Motorway Driving Introduction

Motorways differ from ordinary roads in that they're designed to help traffic travel faster and in greater safety. This puts greater demands on both driver and vehicle.

Motorways are statistically safer than other roads in relation to the number of accidents occurring. However, when they do happen, motorway accidents occur at higher speed and involve more vehicles. As a result, injuries are usually more serious- often with greater loss of life.

Traffic travelling faster means that conditions change more rapidly. You need to be alert and have total concentration.

This section deals with the special skills you need to drive safely on a motorway, and the situations you're likely to meet.

The topics covered

  • Driving on motorways
  • Motorway signs and signals
  • Getting onto a motorway
  • On the motorway
  • Lane discipline
  • Braking
  • Overtaking
  • Leaving a motorway
  • Motorway weather conditions
  • Stopping on motorways
  • Motorways at night
  • Road-works
  • The novice driver

Motorway Driving General Information

  • You must hold a full driving licence for the class of vehicle you're driving. Learner drivers, holding a provisional licence, are now allowed on motorways but only if accompanied by a DVSA Approved Driving Instructor.
  • You should have a thorough knowledge of the sections of The Highway Code dealing with motorways.
  • You need to know and understand motorway warning signs and signals.
  • You need to be fit and alert to drive anywhere, but particularly on motorways. Never use the motorway if you feel tired or unwell.
  • Parking is forbidden except at service areas. If you need rest, you'll sometimes have to travel long distances before an exit or a service area. Remember, it's an offence to stop on the bard shoulder, exit or a slip road, unless in an emergency.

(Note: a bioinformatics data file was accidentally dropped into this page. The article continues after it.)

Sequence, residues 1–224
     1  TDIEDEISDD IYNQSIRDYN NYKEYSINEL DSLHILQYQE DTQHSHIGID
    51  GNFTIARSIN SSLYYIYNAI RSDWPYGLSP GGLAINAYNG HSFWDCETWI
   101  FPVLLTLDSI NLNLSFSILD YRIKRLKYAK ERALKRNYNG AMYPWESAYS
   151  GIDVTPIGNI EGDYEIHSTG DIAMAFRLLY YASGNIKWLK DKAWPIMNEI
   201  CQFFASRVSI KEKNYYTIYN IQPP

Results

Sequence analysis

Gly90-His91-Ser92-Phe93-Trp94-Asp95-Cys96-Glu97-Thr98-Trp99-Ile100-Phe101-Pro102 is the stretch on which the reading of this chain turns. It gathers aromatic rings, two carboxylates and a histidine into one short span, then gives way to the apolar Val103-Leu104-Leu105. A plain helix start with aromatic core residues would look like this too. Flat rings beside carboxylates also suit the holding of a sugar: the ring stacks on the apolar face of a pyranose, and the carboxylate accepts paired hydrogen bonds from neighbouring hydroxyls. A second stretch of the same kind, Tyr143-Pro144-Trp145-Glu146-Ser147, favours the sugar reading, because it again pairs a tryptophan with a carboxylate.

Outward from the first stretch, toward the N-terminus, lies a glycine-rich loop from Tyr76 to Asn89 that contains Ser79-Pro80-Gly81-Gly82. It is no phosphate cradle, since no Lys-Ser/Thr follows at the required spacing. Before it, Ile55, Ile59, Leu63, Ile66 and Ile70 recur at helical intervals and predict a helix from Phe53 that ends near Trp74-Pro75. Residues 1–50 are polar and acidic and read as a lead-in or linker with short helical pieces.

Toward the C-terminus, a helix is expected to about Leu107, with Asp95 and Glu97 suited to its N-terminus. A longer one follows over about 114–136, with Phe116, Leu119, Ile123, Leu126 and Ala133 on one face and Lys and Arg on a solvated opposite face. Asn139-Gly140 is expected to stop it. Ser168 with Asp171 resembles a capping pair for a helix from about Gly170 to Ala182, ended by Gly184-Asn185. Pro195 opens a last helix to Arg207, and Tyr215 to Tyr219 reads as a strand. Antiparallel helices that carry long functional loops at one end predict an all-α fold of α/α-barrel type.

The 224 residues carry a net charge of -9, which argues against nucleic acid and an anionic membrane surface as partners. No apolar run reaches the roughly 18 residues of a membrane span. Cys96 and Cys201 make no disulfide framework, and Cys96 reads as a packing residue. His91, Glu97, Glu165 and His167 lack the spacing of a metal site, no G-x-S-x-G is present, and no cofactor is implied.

Make sure your vehicle is well ventilated. Use whatever ventilation you can.

If your journey seems monotonous and you feel drowsy, open a window until you reach a service area.

Plan plenty of rest stops, especially at night.

The Vehicle On The Motorway

You must

  • only drive a vehicle which is allowed on a motorway
  • make sure your vehicle is safe and in good working order.

Motorways must not be used by

  • pedestrians
  • cyclists
  • horse riders
  • holders of a provisional car licence (unless accompanied by a DVSA Approved Driving Instructor)
  • holders of a provisional motorcycle licence

In addition the following vehicles must not be used on the motorway

  • motorcycles under 50 cc
  • certain slow-moving vehicles with oversized loads - except with special permission
  • invalid carriages less than 254kg unladen weight
  • agricultural vehicles.

Before you use the motorway

High speeds and long distances increase the risk of mechanical failure.

You should carry out the following checks on your vehicle.

they must be in good condition and with the correct pressure. Follow the guidance given in the owner's handbook which often gives different pressures to be used where the vehicle is loaded.
make sure there are no faults.
Warning lights
make sure each is working correctly
make sure they are clean and correctly positioned.
Windscreen and windows
make sure they are clean. Top up the reservoir for the windscreen washers, and the rear window washer, if your vehicle has one.
Lights and indicators
make sure they are all working correctly.

Also make sure that

  • your brakes can stop you safely
  • your steering is in good order.

For safety, convenience and good vehicle care you should also check the following items.

make sure you have enough fuel to avoid running out between servvice areas.
high speeds may mean your engine uses oil faster. Running out can be dangerous and costly.
higher speeds can mean warmer engine, especially in traffic tailbacks in hot weather.

Make sure your load is secure

Check that everything carried on your vehicle or trailer is safe and secure.

If anything should fall from your vehicle or from another, stop on the hard shoulder and use the emergency telephone to inform the police.

Never try to retrieve it yourself!